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Discussion Starter · #1 · (Edited)
I took my new Valkyrie out for an 80km run tonight to get to know it. It was raining yesterday on the trip home from the dealer. The run included some freeway, and quiet country roads beyond Melbourne Airport.
First impression, as on the test ride and the ride home, was it's BIG! Those radiator cowls are huge. I'd prefer a radiator in the conventional location, giving the bike a less bulky look, but the wheelbase would need to be even longer. After it's rolling, the bike steers quickly enough. The hydraulic clutch, slick gearbox and all that torque makes it OK, even riding in heavy traffic. I'm glad it has only 5 gears; six is one too many for this engine. It does not feel busy in top gear at 100km/h. It actually feels happier doing 3000rpm at about 110km/h, perfect for freeway cruising. The exhaust has a nice deep tone that's audible and pleasant even at speed with ear plugs in, but it's not too loud. It's fun to accelerate just to hear it.
On a dark moonless night the LED headlight is great, especially on high beam. Since it runs high and low beam together, if high beam fails at least low beam is still there. The horn sounds like a car too; car drivers take notice.
The suspension performed quite well. Freeway expansion joints came through quite a bit, making me think about excessive high speed damping at both ends. On my usual test section of rough and undulating road that exercises both high and low speed damping, I could feel the bumps, but my fillings stayed put. With a passenger aboard it would feel better again. It's certainly not plush, but probably about right to preserve some clearance in bumpy corners. It seems to handle like it's on rails.
The seat is quite firm. I'm not sure how it will go on a long trip. If it turns out to be too hard I'll buy the bike an Air Hawk cushion like the one I use on my other bikes. At least the seat is low, really easy to throw your leg over. The riding position is about perfect really. I'm 191cm, 6'3" tall and wear size 13 boots, but had no trouble with room for changing gear or braking. I love the 1" bars and thick handgrips. After an hour on a cold evening my legs and feet were still not too cold, thanks to the weather protection provided by the radiator cowls and engine. Brakes are progressive and powerful, really confidence inspiring.
The digital dash is just about perfect. I like having a clock, but I'd also like a temperature gauge of some kind, preferably digital like on my Daytona 955i. In comparison, the analog instruments on the F6B look quite hard to read. I like the naked bike feel of being able to look past the dash and see the road, rather than a wall of fairing.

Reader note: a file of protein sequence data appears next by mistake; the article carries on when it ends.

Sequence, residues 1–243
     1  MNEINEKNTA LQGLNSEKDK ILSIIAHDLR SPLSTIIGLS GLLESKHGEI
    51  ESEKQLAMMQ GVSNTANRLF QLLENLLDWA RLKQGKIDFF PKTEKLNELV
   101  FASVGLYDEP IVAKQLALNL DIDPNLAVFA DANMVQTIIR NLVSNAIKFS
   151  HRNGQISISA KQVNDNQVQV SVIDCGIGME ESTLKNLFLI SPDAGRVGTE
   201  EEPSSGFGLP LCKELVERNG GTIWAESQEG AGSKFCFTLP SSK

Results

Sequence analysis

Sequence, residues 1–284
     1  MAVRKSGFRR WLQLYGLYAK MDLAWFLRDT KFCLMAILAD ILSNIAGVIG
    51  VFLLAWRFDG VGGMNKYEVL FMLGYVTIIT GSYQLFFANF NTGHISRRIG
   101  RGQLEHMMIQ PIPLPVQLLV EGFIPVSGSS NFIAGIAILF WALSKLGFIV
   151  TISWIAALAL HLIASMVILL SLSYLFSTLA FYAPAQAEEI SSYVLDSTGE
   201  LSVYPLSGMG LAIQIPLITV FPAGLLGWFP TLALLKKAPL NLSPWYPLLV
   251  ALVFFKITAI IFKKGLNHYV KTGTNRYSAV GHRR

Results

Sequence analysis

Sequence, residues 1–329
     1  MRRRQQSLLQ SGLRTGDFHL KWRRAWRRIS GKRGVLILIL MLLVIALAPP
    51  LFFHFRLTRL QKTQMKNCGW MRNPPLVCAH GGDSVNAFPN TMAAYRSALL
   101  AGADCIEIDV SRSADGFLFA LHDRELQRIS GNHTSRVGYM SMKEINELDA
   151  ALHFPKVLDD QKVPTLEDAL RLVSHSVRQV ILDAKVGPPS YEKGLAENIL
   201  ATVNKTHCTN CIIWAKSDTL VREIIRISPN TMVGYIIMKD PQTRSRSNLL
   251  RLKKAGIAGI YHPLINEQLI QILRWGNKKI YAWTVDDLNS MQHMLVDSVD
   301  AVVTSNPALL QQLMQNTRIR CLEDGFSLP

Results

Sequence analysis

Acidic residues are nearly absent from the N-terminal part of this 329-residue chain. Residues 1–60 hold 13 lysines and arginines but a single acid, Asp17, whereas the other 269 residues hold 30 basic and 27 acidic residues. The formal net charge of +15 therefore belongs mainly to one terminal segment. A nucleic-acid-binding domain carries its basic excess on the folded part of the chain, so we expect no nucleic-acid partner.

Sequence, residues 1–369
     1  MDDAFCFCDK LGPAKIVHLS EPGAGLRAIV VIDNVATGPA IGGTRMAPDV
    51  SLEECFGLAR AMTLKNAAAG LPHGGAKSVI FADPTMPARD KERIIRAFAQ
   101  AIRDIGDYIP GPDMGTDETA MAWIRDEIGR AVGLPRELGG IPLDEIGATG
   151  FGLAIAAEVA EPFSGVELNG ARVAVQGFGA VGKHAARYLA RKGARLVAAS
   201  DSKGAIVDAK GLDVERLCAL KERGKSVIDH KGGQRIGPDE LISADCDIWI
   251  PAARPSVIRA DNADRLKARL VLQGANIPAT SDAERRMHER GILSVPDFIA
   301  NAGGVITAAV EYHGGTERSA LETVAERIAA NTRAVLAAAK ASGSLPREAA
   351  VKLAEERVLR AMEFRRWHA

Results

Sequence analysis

Of course, the engine performance is GREAT! Turbine smooth, torquey and powerful, though it actually makes only about as much power as my Tiger 1050, or the R1200GS, or Yamaha MT09. I was surprised to see how small in diameter the exhaust pipes are, under the engine. With its six-in-line valve configuration per side it's clearly not designed to breath well at high rpm, or make a lot of power, but the power is very accessible. It's geared at about 36km/h per 1000rpm in top gear, so about 200km/h at peak power, 5500rpm. Apart from the cam chains, there are no chains or belts in the whole bike! Hyvo cam chains are trouble free with properly designed guides and tensioners.
I was surprised to learn the bike had only a 5 inch rear rim, not quite wide enough even for the 180/55 tyre. It precludes mounting a wider tyre, for me anyway. Why not a 6.5" rim that could take a 190 at least? The rear wheel looks undersized to me, out of scale with the bike. Then there is that weird front 130/60-19 Dunlop radial. I'll change that for a bias tyre eventually, Commander 2 or ME888.
It will be interesting to see how the fuel consumption turns out, how big the tank really is, full to empty, and thus the fuel range. I'm not sure why Honda moved the tank from under the seat, as in the 'Wing and F6B, to the conventional position, thus raising the C of G. The rear subframe is different; maybe there is less room there for a tank now, although the seat height is about the same, 29".

Overall, the bike is even better than I thought it would be when I decided (with some trepidation) to buy it after a short test ride. Very refined, with attention to detail everywhere, typically Honda. Everything works well. It's definitely not just an F6B without the fairing and bags. It has bigger wheels, better brakes, more ground clearance, different pipes, all LED lighting, digital dash etc. Quite a different bike.

Now for a screen, cruise control, pillion back rest, and some way to carry luggage.
IanB
 

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Glad you like it. Get highway pegs and rest your heels on the outside of them with your feet pointing out. You take up about as much of the lane as a car does. Very satisfying :D
 

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Discussion Starter · #3 ·
Yes, it certainly has presence on the road.
I neglected to mention that I briefly ran the Valk up past 270 kilofurlongs/fortnight on a quiet straight section of road, being mindful of kangaroos on a dark night. It got there quickly and effortlessly, and was still accelerating well. Tonnes of performance where you want it.
IanB
 

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Discussion Starter · #4 ·
I managed a second ride one evening last week after work, 150km. Again, mixed freeway and winding roads. It took 7.7 litres to refill the tank, so 19.5km/litre or 46mpg (US). Damm good! Means over 400km fuel range.
Today I did a 350km run. This time the fuel gauge went down almost as I watched.
16.25km/l or 38.5mpg. Average for Valkyrie 1800 in Fuelly is 41.7mpg. I guess I was riding more enthusiastically this time. The 2nd last segment of the 8 bar fuel gauge went off at about 275km, 17 litres, with 6 litres to go, in theory. I'll be sure when I run the bike until it stops. There is a lot of space above the fuel when it reaches the bottom of the filler tube and surges up. You could trickle a fair bit more in there if you were patient enough. At least I can assume 350km on a tankful.